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harvest advice for dwarf fruit trees

Posted by dan_nz_gardener none (My Page) on
Tue, Jun 12, 12 at 1:03

hi all

I have just bought 3 dwarf fruit trees that only grow to 1 to 1.5 metres high that are about 800mm tall already. They are dormant at the moment as we are in mid winter but i read that its best to wait 3 or so years before letting fruit trees set fruit to avoid them fruiting one year then not the next when they are mature. Will i have to do this with these wee fruit trees or will it be ok to let them fruit?

Cheers


Follow-Up Postings:

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RE: harvest advice for dwarf fruit trees

Personally, I don't know that early fruiting has anything to do with alternate bearing in future years (but that doesn't mean I'm right!). But for young trees, allowing them to have a significant crop will slow down their establishment by delaying vegetative growth. It can also cause thin young branches to droop and distort the shape unless you support them. At that size, you probably would be better off removing all of the buds for the first season or two.


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RE: harvest advice for dwarf fruit trees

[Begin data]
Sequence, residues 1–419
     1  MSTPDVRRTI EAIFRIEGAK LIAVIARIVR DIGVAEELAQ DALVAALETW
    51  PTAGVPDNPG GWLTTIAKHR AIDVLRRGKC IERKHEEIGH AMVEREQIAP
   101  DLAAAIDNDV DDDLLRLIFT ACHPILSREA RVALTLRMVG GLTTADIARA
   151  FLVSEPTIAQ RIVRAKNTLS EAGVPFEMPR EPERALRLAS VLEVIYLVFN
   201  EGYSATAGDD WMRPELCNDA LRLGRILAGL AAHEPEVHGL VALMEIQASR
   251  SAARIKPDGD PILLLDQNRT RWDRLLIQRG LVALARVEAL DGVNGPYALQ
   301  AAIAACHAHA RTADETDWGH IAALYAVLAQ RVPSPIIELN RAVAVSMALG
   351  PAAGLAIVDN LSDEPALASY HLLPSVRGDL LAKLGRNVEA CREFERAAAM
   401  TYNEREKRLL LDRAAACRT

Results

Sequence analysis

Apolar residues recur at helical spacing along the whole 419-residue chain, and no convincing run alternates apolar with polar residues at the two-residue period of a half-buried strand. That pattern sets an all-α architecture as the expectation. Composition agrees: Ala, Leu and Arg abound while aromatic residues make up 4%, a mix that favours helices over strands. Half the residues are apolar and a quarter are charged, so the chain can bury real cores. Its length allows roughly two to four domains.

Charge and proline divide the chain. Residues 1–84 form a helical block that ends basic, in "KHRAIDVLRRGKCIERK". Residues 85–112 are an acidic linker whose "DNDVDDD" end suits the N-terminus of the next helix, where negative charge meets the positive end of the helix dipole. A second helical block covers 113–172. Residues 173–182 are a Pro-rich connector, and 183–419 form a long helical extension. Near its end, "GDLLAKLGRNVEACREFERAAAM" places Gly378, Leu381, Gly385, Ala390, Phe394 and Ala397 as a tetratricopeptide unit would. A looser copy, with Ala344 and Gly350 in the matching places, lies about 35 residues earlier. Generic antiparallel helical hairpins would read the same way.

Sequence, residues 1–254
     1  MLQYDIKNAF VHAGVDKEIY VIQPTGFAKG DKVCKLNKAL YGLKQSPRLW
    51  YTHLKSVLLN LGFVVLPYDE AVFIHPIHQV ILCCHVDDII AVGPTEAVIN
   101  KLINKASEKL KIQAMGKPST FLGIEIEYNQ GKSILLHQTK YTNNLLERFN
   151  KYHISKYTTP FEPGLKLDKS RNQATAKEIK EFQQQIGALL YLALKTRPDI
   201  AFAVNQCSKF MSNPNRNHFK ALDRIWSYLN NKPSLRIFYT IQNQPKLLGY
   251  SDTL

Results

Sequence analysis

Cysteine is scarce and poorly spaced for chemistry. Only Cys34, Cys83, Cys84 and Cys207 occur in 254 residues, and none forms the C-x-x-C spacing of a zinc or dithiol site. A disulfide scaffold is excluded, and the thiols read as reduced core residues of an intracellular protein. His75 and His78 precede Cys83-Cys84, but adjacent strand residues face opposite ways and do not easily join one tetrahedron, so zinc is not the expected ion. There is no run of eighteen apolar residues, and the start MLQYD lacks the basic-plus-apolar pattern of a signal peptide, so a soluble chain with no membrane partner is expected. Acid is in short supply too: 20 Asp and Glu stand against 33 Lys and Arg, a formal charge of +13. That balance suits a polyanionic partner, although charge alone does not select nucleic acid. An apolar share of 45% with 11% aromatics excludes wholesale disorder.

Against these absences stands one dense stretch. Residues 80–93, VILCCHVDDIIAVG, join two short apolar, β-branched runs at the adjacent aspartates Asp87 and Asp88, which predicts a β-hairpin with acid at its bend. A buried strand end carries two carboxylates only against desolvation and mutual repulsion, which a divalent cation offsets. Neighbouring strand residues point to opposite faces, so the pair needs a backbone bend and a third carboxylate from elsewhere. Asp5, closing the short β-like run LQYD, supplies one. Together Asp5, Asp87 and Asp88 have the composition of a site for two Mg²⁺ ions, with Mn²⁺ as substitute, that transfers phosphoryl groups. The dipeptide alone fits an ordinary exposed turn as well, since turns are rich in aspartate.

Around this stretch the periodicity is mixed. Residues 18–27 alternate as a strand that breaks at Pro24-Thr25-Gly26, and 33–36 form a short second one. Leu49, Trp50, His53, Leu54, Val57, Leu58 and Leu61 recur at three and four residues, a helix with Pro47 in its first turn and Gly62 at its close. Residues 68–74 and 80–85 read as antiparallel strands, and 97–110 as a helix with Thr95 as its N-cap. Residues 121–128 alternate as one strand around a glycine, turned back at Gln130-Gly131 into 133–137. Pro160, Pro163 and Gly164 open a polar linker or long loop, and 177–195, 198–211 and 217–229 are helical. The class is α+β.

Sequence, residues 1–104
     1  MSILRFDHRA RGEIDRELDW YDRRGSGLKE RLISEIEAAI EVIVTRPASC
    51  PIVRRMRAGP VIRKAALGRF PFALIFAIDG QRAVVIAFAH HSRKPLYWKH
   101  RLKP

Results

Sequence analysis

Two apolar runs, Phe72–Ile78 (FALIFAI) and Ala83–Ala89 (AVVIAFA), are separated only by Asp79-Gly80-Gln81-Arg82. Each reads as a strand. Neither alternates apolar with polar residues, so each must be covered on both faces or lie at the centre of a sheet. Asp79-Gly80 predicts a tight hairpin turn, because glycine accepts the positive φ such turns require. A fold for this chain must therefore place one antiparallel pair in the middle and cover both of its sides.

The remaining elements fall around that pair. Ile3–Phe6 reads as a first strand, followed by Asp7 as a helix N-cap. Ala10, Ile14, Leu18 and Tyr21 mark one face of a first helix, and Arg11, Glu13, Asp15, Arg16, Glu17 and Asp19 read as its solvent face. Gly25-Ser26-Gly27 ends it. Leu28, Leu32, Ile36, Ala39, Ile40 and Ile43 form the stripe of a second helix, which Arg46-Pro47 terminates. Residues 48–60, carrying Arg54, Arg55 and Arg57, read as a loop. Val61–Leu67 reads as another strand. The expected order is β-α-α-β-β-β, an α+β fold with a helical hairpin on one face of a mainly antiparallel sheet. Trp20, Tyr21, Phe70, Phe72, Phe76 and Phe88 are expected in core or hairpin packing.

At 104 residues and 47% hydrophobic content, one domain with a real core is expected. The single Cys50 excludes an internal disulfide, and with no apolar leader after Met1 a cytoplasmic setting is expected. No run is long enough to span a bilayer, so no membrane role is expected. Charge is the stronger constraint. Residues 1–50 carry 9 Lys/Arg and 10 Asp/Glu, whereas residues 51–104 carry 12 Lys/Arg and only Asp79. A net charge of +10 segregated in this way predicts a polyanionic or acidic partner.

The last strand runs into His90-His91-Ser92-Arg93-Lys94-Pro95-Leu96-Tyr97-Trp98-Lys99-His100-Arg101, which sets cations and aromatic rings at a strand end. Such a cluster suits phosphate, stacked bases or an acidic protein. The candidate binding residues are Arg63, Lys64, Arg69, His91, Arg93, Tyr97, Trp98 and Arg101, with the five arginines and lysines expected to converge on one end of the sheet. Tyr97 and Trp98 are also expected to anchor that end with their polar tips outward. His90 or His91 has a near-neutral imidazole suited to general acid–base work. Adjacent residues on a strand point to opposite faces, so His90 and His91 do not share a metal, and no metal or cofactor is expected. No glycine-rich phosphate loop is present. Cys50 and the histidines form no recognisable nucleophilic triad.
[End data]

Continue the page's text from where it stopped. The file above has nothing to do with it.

I believe that they advise this to promote growth of the tree, rather then putting energy into fruit production.

My Honeygold is maybe 5 feet tall, and looks like it has about a dozen fertilized blooms. Im going to take them all out, except one or 2, just because Im curious as to how they taste.

Im pretty sure that most fruit trees are biennial bearers anyways, and dont need a hand in achieving that.


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RE: harvest advice for dwarf fruit trees

  • Posted by olpea zone 6 KS (My Page) on
    Wed, Jun 13, 12 at 1:32

"Im pretty sure that most fruit trees are biennial bearers anyways, and dont need a hand in achieving that."

Actually it's mostly pome fruits you have to worry about, and of those, apples seem to be the most problematic.

I suppose it's possible to induce alternate bearing in some stone fruits (although I've never witnessed it).

Alternate bearing is a bigger issue in colder climates where the growing season is shorter.

In longer growing seasons, trees have longer to recover and build energy stores, so alternate bearing isn't as common (except with some unmanaged apple trees and nuts).


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